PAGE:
Terrain shapes and bedrock
The archipelago is located on the northern part of the
Maskarenerry Ridge. The islands are the highest peaks of the
seabed plateau, which, like Madagascar and India, once
belonged to the continent of Gondwana and, by continental
drift, moved north to its present location.
COUNTRYAAH, the larger islands are part of the Central Group and have
a bedrock of rocks, mainly granite. The main island of Mahé,
as well as Silhouette, Praslin and La Digue, are all
mountainous and have, through the activities of tropical
weathering and wave erosion, taken on distinctive forms.
They have lateritic soil. The highest point, Morne
Seychellois on the Mahé, reaches 905 m above sea level. The
Outer Islands consist entirely of coral lime and are spread
over a larger area. They are flat and rise only a few meters
above sea level.
The location of the archipelago just south of the equator
provides a tropical climate with distinct oceanic character.
The monthly average temperatures are between 24 °C and 29 °C, and the daily variation is very small. The prevailing
wind during May – October is the southeast pass, while the
northeast monsoon blows during November – April. The
rainfall decreases from north to south; The island of Mahé
has about 2,300 mm per year.
On the dunes of the smaller atoll islands there are shrub
vegetation of Scaevola [ʃɛ: ʹ-] (the family
goodenia plants) and Tournefoʹrtia (the family of
leafy plants) and in some islands relatively rich flora. On
the shores of the indigenous islands, Ipomoea [-me:
ʹa] pes-caʹprae and coconut palm are the most
conspicuous species. The lowland rainforest, which on these
islands stretched up to a height of about 300 m above sea
level, was dominated by a.k.a. Calophyllum (clusia
plants), and Imbricaʹria sigellaʹrum (sapotillia).
The mist forest, which at levels above 500 m above sea
level. dominated by the endemic species Noʹrthea
seychellaʹna (sapotyledons), is also characterized by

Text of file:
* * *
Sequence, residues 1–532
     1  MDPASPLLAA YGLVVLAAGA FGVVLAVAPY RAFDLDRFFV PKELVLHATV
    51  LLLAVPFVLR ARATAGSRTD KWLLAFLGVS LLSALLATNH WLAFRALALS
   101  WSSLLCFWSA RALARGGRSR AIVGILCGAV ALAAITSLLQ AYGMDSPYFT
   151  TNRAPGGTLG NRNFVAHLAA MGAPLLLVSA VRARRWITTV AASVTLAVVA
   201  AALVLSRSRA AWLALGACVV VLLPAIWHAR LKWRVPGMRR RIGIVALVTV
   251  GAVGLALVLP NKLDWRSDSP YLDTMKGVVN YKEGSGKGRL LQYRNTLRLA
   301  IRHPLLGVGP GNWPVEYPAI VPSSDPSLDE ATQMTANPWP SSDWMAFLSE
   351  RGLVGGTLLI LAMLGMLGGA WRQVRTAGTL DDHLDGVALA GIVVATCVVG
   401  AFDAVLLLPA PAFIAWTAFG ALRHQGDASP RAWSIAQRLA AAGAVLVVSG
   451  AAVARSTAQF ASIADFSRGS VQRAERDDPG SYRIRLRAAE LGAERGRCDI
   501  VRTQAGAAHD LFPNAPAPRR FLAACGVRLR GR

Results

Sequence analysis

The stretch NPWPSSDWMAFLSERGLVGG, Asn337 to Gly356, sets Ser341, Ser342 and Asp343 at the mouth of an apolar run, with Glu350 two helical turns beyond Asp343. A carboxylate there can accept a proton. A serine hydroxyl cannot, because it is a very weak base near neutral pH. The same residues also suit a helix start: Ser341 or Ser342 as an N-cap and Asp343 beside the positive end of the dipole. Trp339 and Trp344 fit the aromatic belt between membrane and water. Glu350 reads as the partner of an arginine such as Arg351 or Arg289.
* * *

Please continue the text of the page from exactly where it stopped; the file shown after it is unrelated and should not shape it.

an exceptional wealth of epiphytic mosses.
There are six endemic palm family on the islands, namely
Nephrospe'rma, Decke'nia and
Phoenicopho'rium well as on Praslin, the famous nature
tvillingnöt (Lodoi'cea maldi'vica), whose fruit is
a drupe, contains the largest of all seeds.
On top of a mountain on the island of Mahé appears the
endemic family Medusagyna'ceae with his single
species Medusa'gyne oppositifo'lia.
Large parts of the rainforest have been felled, and the
condition of many endemic species is critical, e.g. for the
dipterocarpus plant Vateʹria seychellaʹrum, which
formerly dominated in the lowland rainforest but which is
now practically extinct due to its valuable timber.
Two species of bats are the only native mammals. Dugong
disappeared, like a delta crocodile, shortly after the first
settlers arrived. About 100 species of birds nest on the
Over the past 150 years, two of the 16 endemic land bird
species have died out. Several species are threatened, most
notably by introduced dogs, cats, rats and pigs, and the
owl, which was introduced around 1950. Some examples of
threatened bird species are Seychelles Tower Falcon
(Faʹlco araea [arɛ: ʹa]), Seychelles Dwarf
(Oʹtus insularʹris), Seychelles Coʹpsychus
sickellaʹrum) and the Seychelles paradise flycatchers (Terpsiphoʹne
Many species of seabirds also breed, including tropical
birds, frigate birds and nodal terns. Among reptiles, three
species of worms are mentioned. Aldabra turtle is now only
found in the Aldabra Islands, but previously had a
subspecies on islands in the Central Group. The African
freshwater pelomedus turtle Peluʹsius suʹbniger is
represented by a subspecies on the main islands, and on some
islands sea turtles reproduce. The family of three species
of Seychelles (Soogloʹssidae) is endemic.
In 2011, there were eight national parks in Seychelles,
six marinas and two onshore.